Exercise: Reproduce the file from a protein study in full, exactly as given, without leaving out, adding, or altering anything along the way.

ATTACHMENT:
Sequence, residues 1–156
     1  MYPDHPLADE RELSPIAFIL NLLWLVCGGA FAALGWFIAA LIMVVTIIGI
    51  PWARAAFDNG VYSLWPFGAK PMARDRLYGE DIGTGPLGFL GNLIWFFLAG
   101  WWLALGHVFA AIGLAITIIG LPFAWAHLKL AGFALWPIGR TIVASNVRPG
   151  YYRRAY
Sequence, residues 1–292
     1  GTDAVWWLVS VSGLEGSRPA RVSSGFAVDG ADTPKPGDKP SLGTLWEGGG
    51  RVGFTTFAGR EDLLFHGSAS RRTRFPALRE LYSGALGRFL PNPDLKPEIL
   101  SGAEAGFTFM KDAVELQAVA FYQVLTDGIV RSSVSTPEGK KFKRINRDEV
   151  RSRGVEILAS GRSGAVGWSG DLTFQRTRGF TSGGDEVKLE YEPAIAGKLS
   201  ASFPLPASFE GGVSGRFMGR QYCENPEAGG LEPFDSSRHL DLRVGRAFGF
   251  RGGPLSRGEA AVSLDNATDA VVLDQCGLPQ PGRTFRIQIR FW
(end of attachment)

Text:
Sequence, residues 1–156
     1  MYPDHPLADE RELSPIAFIL NLLWLVCGGA FAALGWFIAA LIMVVTIIGI
    51  PWARAAFDNG VYSLWPFGAK PMARDRLYGE DIGTGPLGFL GNLIWFFLAG
   101  WWLALGHVFA AIGLAITIIG LPFAWAHLKL AGFALWPIGR TIVASNVRPG
   151  YYRRAY
Sequence, residues 1–292
     1  GTDAVWWLVS VSGLEGSRPA RVSSGFAVDG ADTPKPGDKP SLGTLWEGGG
    51  RVGFTTFAGR EDLLFHGSAS RRTRFPALRE LYSGALGRFL PNPDLKPEIL
   101  SGAEAGFTFM KDAVELQAVA FYQVLTDGIV RSSVSTPEGK KFKRINRDEV
   151  RSRGVEILAS GRSGAVGWSG DLTFQRTRGF TSGGDEVKLE YEPAIAGKLS
   201  ASFPLPASFE GGVSGRFMGR QYCENPEAGG LEPFDSSRHL DLRVGRAFGF
   251  RGGPLSRGEA AVSLDNATDA VVLDQCGLPQ PGRTFRIQIR FW